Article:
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A model of Tesla being displayed during Shanghai import expo in November. Photo: VCG
Chinese and US business representatives expressed relief about the truce on trade tariffs reached by the two countries' leaders on Saturday, but experts warned that some uncertainties remain.
Top leaders from China and the US met on Saturday on the sidelines of the G20 summit in Argentina and agreed to take measures to ease bilateral trade tension and maintain close contact. The two sides had very "positive and constructive" discussions over trade and economic issues and agreed not to impose additional tariffs, according to a report from the Xinhua News Agency.
Working teams on both sides will follow the guidance of the consensus reached between the two leaders and step up negotiations toward the removal of all additional tariffs so as to reach a mutually beneficial agreement at an early date, said the report.
It was the first face-to-face meeting between Chinese President Xi Jinping and US President Donald Trump since Trump's visit to China in November 2017. Xu Hongcai, an economist at the China Center for International Economic Exchanges, said that the outcome is undoubtedly an inspiring one for businesses in both countries. Deepening cooperation will bring more confidence to the global economy as well, Xu noted.
The American Chamber of Commerce also said in a statement it sent to the Global Times on Sunday that the meeting results were "as good as we could have expected" considering the many and complex issues involved in the two countries' bilateral trade relations.
"This is the most exciting news for US companies like us who are conducting economic and trade cooperation with our Chinese counterparts. This will further promote our cooperation level," said Sherman Ge, a representative of US-based company Metal Shark Boats, which designs and builds custom vessels for commercial and defense purposes.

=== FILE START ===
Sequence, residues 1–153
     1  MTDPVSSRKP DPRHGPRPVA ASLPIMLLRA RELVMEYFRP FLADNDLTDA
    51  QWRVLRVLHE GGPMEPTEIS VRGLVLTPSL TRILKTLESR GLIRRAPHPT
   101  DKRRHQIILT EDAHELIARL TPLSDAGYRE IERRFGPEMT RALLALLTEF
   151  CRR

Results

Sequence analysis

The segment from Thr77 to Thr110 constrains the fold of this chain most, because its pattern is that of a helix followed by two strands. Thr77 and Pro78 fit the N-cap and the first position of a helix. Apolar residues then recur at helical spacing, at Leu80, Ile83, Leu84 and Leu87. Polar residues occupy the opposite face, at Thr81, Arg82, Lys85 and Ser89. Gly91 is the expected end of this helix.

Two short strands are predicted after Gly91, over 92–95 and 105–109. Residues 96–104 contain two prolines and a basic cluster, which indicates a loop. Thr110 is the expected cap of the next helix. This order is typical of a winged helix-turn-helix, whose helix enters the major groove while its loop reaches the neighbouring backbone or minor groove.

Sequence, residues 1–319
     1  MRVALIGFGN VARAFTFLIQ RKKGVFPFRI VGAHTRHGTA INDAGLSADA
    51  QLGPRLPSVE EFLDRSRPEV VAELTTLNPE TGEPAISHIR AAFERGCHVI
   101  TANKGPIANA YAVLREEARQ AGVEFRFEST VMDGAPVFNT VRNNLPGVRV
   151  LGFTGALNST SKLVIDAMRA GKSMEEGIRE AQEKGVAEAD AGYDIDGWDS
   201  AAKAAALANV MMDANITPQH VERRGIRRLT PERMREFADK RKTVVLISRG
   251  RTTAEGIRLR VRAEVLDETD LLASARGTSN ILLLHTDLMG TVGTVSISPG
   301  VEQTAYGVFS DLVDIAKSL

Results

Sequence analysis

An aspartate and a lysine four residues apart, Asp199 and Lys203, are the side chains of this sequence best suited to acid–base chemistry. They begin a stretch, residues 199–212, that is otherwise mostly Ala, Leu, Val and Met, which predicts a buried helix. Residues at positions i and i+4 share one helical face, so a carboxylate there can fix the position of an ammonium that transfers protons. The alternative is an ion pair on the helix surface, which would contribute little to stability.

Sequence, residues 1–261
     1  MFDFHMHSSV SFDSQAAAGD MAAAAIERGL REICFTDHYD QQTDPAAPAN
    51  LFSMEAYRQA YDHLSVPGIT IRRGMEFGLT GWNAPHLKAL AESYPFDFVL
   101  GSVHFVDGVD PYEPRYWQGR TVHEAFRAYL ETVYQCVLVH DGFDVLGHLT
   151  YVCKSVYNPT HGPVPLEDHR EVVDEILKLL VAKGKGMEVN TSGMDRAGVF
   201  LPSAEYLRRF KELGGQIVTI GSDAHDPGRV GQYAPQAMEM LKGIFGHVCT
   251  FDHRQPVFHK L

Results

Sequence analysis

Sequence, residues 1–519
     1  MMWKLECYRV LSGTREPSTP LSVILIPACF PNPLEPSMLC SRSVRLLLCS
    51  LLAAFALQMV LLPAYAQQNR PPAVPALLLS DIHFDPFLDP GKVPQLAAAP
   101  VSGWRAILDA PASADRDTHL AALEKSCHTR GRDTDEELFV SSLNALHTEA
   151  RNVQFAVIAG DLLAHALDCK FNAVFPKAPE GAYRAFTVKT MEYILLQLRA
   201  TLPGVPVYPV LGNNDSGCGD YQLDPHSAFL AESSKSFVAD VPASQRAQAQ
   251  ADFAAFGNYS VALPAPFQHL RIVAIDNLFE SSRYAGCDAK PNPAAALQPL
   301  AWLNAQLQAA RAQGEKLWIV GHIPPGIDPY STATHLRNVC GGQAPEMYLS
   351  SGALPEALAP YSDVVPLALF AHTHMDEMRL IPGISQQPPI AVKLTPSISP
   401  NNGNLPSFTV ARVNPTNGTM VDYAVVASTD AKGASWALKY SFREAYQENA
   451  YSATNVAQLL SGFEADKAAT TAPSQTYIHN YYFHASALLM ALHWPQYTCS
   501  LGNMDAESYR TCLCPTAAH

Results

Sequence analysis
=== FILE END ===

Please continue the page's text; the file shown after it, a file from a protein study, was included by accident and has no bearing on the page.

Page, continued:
"We are delighted to see that China-US economic and trade relations are heading in a positive direction, which will further promote the common development of enterprises on both sides," a spokesperson for Lenovo told the Global Times on Sunday.
Meanwhile, some Chinese manufacturers that rely on exports said that talks on restarting deals with their US customers have already started following the upbeat news.
Ji Zhanghua, the owner of Zhanghua Garment Company in Yiwu, East China's Zhejiang Province, said that some US customers had contacted him to talk about more deals for next month. US retailers are facing difficulties in finding replacements for clothes made in Yiwu that offer the same quality and reasonable prices, Ji said.
Chen Liang, general manager of Dongguan Jinconn New Material Holdings Co, a private company focused on production and processing of magnets, said that his business partners "are very excited about the good outcome of the trade talks."
Jinconn's clients are home appliance makers whose main market is the US, according to Chen, who also said that since the China-US trade war started in March his company had lost orders worth 10 million yuan ($1.44 million).
However, Xu cautioned that "there are still more detailed issues waiting for the two sides to resolve in the coming days. But I would say it's a good start."
Geng Bo, vice secretary-general of the China Solid State Lighting Alliance, a semiconductor industry association, agreed with Xu, saying that he held an attitude of "cautious optimism" toward the upcoming talks.
"Chinese LED products have been included in the 25 percent tariff list imposed by the US. If the tariffs can be reduced through future negotiations, it would be good news for our industry. But given the capricious attitude of the US government, it seems that there are still many uncertainties ahead."